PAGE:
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Supercharge Your Site with A/B Testing

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Think of Conversion Rate Optimization (CRO) as a toolbox that today’s businesses use to improve their websites and turn visitors into customers. One of the most powerful tools in that box is A/B testing, which is exactly what it sounds like: an experiment that tests two variations of a web page to determine which gets better results. If all other things are equal, the winning variation should have users doing what you want them to do more often. Done effectively, A/B testing can raise your website’s ROI by decreasing your cost per acquisition.

The benefits speak for themselves, but not every business is quite ready for A/B testing. If your business has less than 1000 transactions per month – purchases, signups, leads, etc. – your test groups probably won’t be large enough to be statistically sound and, hence, the results might not be reliable.

If you are ready for it, however, A/B testing needs to be dialed in to make an impact. Here’s how to use A/B testing to make your business stronger. 

1) Cover the basics first.

Many smaller businesses are better off investing time and effort in other areas until their numbers increase. But just because your site may not meet the threshold doesn’t mean you can’t improve it.

Optimization, for instance, isn’t only about getting more conversions, it’s also about understanding why you’re missing out on them in the first place. Understanding your users and what they are trying to accomplish will help align your business goals with their objectives. Dig into the data to discover where users might be dropping out of your process – and fix the leaks.

If you look into Google Analytics and notice a lot of people are dropping out of your conversion funnel at a certain page, dive deeper into analyzing what may be causing doubts or hesitations on that page. Ask users, or observe session recordings, to try to discover why that might be happening. If something is clearly broken, don’t waste time trying to test – just fix it and stop the bleeding.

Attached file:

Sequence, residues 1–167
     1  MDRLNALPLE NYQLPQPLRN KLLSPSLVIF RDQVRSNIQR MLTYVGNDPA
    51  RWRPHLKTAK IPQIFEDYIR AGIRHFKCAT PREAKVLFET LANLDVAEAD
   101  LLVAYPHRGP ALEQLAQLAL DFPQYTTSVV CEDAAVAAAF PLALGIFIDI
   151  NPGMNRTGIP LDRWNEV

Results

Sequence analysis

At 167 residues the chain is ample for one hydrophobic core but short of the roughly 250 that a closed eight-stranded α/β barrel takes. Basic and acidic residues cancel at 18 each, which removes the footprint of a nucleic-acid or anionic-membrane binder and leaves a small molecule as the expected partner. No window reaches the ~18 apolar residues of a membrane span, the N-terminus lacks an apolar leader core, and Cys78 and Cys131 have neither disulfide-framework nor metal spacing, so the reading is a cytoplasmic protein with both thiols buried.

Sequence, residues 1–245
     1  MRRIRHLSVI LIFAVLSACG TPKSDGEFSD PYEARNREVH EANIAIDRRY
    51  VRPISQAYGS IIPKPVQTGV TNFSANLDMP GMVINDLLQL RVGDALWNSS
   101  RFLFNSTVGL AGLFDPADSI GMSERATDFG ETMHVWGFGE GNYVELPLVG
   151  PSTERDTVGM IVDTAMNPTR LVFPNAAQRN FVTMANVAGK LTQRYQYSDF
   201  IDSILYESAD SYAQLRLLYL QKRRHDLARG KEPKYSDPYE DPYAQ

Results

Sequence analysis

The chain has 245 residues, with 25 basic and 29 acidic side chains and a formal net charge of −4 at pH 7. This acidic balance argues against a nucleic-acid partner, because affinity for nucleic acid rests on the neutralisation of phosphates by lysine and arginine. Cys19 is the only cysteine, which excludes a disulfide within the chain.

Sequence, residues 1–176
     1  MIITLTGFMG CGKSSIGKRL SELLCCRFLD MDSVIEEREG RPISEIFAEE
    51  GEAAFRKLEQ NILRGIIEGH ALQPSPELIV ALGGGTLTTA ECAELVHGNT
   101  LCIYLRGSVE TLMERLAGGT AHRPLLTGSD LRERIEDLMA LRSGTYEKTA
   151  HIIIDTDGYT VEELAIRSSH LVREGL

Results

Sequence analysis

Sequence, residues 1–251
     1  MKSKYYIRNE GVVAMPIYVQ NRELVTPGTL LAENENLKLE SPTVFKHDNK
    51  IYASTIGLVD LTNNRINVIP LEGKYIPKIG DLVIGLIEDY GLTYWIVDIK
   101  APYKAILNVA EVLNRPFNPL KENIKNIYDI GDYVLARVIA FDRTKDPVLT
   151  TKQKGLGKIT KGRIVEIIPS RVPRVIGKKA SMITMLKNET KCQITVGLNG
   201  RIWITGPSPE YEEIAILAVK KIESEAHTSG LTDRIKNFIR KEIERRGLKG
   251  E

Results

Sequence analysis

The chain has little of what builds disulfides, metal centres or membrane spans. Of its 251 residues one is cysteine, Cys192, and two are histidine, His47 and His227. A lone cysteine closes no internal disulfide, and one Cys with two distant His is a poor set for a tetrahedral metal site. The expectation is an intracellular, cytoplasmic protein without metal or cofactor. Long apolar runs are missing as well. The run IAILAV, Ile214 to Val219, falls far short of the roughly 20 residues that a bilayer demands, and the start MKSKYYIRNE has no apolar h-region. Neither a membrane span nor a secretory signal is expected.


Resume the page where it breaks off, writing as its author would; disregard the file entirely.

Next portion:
2) Know what to test.

The short answer to “what do I test first?” for almost every business is the unique value proposition (UVP) – the top-of-page experience that should quickly convey what a business does and why it’s better than the competition. In short, it’s the compelling reason why a user should stay on the page and convert.

Seems simple, right? Not exactly. There are a number of UVP elements to test, including the primary image (or “hero image”), titles and subtitles, the intro paragraph, and any benefit bullet points. Other elements include calls to action, visual media, navigation, personalization, and offers/pricing.

3) Have a hypothesis.

An effective A/B test starts with a hypothesis; basically a theory about what isn’t working and how to fix it. If you have a number of theories and fixes to test, prioritize them based on their likely impact on conversion rates.

To dial in A/B tests, consider factors both on and off the page that affect conversion. Aside from basic data gathering and analysis, analyze customer interview (“what they say”) against website session recordings (“what they do”), compile qualitative data with on-page surveys, and use both heat maps and user testing to gather as much information as possible about customers and prospects before forming and prioritizing hypotheses about how to best motivate behavior.

4) Know what success looks like.

The indicators of success should be laid out clearly before the test. Each hypothesis should be designed to influence a measurable variable. A typical hypothesis might look like this:

If [variable to be manipulated], then [expected measurable result], because [justification of expected answer from research].

Or, a real-world example: “If the unique value proposition is adjusted to mention our 100% guarantee, then more users will convert online because this will reduce user anxiety – since our customer interviews have indicated this is the No. 1 concern with online leasing.”

In this example, the online conversion rate would be the No. 1 metric; but other secondary/correlated metrics – such as call rate, bounce rate, average time on site, pages per visit, and other considerations – can be observed as well.

5) Know how to turn lemons into lemonade.

If proper research has been done, the hypothesis should be strong enough that a new variation should improve the conversion rate. If it doesn’t, however, the opportunity to research why your hypothesis failed may be worth the gut punch to your ego and bottom line.

Why did users respond opposite to what was expected? What did you learn about their motivations and behavior? How can you better match their expectations and objectives? Go back to the drawing board and start interviewing your customers.

Like any other effective tool, the important thing to remember with A/B testing is to use it wisely and as often as necessary to keep getting better. A/B testing is an ongoing process, and there is always room for improvement in the rapidly growing and evolving digital marketing landscape.

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